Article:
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Comment Re:Habeas Corpus not "revoked" (Score 1) 790

"...this sentence makes it clear that you're not really interested in discussion, but in insults."

No fuckboy, I'm interested in discussion with people who do their research, and don't pretend they know what the fuck they're talking about like you have.

I told you once already that this was going to be futile, as my examples were obvious and easy to understand, yet you were ignorant of them.

So, explain to me why I would have anything but comtempt for some asshole (you) who decides to pop off about a subject he clearly is not informed about?

"IOW why are you even posting on Slashdot if you just want to be a dick anytime someone contradicts you at all?"

That might be a good point if that's what happened, but so far no one has contradicted me and I've only been a "dick" to people who were claiming some knowledge of the subject even though their posts show that they're ignorant and not worth attempting to educate (you).

See, I'm not a dick to people who learn about a subject before making assertions of fact. You did not, hence you get dickery.

In the future, if you wish to avoid dickery, stop lying and pretending you're not ignorant. Then you'll avoid getting insulted and being wrong all at once.

More importantly, I gave an example you can't refute, that was obvious like I said. At this point your only response is "Supergood, you're right".


Submission + - Texas A&M malware injector facing jail time (

coondoggie writes: "Apparently his computer science degree didn't include a morals minor. The FBI today said a graduate of Texas A & M University was convicted of recklessly accessing and causing damage to the protected computer system of his former alma mater.Luis Castillo, 23, who graduated with a Bachelor's degree in computer science from Texas A & M University in December 2006, admitted to recklessly gaining unauthorized access to the University's network and capturing 133,000 student and employees Net ID's and passwords. As a result of the intrusions and injection of the malicious software by Castillo, the University incurred a loss of over $67,000 in its efforts to protect students and faculty from the illegal or fraudulent use of private account information, including the retrieval of the captured files."

Submission + - Care home workers in web campaign victory (

Eric Lee writes: "An attempt by a London charity to stop campaigners using the web to highlight its pay cuts has ended in failure, according to this report in The Register. The LabourStart website, which orchestrated the online campaign on behalf of Britain's public sector union Unison had been compelled by internet service provider 1&1 to take down a campaign which the employer had declared to be "potentially libellous" — and then promptly relaunched the campaign on a new site, hosted in Australia, cheekily called We will not be silenced. Several days after the campaign was closed down on 1&1, the company notified LabourStart that the material was in fact not defamatory. LabourStart has now informed 1&1 that it is considering raising the behavior of the company with Britain's regulatory body for the communications sector, Ofcom."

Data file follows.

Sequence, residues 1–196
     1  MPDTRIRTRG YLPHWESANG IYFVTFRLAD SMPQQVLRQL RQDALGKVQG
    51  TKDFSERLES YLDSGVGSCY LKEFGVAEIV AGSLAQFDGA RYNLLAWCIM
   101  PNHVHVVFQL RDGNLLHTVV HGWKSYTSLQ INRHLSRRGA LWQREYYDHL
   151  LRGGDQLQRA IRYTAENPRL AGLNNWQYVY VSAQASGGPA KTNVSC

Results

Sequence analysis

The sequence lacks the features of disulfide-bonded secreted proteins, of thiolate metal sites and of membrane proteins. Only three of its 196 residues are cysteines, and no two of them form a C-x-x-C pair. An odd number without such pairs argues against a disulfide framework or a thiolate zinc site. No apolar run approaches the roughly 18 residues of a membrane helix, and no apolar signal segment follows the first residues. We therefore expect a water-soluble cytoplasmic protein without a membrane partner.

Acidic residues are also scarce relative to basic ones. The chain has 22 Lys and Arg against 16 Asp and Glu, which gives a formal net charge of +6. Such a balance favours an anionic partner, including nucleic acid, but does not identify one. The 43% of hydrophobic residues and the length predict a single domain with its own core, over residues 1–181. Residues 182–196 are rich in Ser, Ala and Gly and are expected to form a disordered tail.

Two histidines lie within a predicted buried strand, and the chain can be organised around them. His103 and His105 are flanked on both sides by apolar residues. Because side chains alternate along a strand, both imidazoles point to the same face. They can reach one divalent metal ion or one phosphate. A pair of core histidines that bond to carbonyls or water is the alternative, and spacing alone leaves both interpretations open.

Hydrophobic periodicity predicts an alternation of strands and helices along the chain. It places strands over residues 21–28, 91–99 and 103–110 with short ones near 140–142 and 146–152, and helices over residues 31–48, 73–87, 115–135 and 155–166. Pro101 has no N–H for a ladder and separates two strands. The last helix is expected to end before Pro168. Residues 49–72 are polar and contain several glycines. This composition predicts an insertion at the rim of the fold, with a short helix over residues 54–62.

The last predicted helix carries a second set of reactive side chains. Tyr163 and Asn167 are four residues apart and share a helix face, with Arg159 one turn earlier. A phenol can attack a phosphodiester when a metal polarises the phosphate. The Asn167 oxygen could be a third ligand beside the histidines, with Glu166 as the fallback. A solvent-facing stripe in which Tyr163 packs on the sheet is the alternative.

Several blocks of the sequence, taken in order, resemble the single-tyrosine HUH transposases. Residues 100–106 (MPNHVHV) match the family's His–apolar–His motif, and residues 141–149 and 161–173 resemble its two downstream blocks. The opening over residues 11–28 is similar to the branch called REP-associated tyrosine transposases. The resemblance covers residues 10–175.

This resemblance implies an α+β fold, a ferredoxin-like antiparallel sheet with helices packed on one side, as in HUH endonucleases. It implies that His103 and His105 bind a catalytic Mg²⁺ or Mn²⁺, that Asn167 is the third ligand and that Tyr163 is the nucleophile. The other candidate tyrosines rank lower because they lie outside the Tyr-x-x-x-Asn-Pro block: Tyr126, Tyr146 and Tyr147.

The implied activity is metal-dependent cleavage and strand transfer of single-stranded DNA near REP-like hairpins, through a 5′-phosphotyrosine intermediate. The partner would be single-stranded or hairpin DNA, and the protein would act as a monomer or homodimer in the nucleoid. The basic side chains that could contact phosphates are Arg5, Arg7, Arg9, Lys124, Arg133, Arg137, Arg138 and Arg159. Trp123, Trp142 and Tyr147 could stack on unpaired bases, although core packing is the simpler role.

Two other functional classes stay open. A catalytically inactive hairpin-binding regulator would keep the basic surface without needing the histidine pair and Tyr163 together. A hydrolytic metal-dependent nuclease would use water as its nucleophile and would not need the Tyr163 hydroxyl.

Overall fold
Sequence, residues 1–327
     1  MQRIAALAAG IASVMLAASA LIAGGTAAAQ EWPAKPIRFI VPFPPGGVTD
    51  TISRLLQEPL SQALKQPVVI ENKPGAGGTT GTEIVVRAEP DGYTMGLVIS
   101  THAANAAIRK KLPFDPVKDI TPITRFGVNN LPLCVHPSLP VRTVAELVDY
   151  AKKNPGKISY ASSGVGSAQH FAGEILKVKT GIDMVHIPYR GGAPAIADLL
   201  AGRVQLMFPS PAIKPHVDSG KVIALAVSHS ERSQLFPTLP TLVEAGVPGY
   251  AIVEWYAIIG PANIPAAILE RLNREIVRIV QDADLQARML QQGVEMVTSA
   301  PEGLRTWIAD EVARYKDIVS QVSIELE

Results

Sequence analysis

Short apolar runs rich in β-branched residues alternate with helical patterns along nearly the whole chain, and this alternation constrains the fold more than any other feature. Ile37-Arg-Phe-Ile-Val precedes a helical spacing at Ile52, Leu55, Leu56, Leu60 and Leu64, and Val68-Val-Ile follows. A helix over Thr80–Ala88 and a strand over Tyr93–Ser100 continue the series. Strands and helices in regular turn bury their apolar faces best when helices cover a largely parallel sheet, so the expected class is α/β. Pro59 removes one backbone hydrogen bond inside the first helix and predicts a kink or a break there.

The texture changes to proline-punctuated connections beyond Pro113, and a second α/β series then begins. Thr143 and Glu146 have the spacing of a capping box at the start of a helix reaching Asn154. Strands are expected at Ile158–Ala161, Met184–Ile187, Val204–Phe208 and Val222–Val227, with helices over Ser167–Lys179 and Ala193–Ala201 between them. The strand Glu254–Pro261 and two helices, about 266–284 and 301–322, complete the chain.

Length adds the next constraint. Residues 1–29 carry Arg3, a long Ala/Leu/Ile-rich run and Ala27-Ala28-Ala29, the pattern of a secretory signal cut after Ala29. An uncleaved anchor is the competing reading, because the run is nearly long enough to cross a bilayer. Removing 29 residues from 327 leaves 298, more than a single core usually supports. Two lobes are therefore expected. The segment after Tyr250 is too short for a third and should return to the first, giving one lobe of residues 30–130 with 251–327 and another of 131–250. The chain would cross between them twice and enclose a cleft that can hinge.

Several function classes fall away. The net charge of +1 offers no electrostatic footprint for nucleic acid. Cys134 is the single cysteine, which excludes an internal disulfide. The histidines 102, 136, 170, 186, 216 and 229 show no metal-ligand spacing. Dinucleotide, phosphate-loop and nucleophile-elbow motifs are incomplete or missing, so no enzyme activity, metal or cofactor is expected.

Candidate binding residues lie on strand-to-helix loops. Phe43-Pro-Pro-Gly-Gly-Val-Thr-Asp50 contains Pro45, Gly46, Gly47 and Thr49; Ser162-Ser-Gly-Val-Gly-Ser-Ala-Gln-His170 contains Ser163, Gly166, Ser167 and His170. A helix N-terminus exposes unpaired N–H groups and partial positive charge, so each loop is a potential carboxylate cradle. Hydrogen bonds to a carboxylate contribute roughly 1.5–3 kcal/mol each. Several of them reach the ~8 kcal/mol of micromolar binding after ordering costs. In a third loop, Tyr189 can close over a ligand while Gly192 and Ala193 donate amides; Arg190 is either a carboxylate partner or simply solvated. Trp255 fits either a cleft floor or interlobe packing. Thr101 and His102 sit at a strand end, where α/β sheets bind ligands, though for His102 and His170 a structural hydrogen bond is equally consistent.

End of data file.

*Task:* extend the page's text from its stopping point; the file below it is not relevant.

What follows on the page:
Submission + - Cops using Google Earth to find Marijuana (

mytrip writes: "When a Wisconsin man was arrested last October on suspicion of harvesting 18 pounds of marijuana, it was partly thanks to Google Earth.

The sheriff's deputies who pulled the man over found, in addition to what they estimated was at least $63,000 worth of pot, a GPS unit around his neck that was filled with a series of local coordinates, according to The Journal Times of Racine, Wis. After plugging those coordinates into Google Earth, the police were able to identify the location of several marijuana fields to which the man was allegedly connected.

While the cops would have been able to find the fields strictly based on the GPS coordinates, their use of Google Earth demonstrated just one way in which law enforcement agencies across the country and around the world are using the popular mapping service, both to fight crime and to offer valuable information to the public."

Portables (Apple)

Submission + - Apple Cuts Linux iPod Users Off (

Will Fisher writes: "New iPods will no longer be able to work with Linux. iTunes now writes some kind of hash (SHA1, md5?) to the iPod database which new iPods check against. If this check fails then the iPod reports that it contains 0 songs. This appears to be protection against 3rd party applications writing out their own databases. We haven't found out how to generate our own valid hashes (but we do know the hash includes the database itself, and possibly the iPod serial number), and are looking for help."

Submission + - GM adds largest solar installation in corporate US

SK writes: "General Motors is adding one of the largest solar power installations in corporate use in the United States to the roof of its Service and Parts Operations (SPO) warehouse in Fontana, California. The solar power array will provide about half of the electricity needed to run the facility and will feed enough extra electricity back to the grid to power over 300 California homes for a year. General Motors estimates that the solar array at its SPO facility in Fontana will reduce greenhouse gas emissions by 355 metric tons each year, while reducing its electricity costs by about 10 percent a year."

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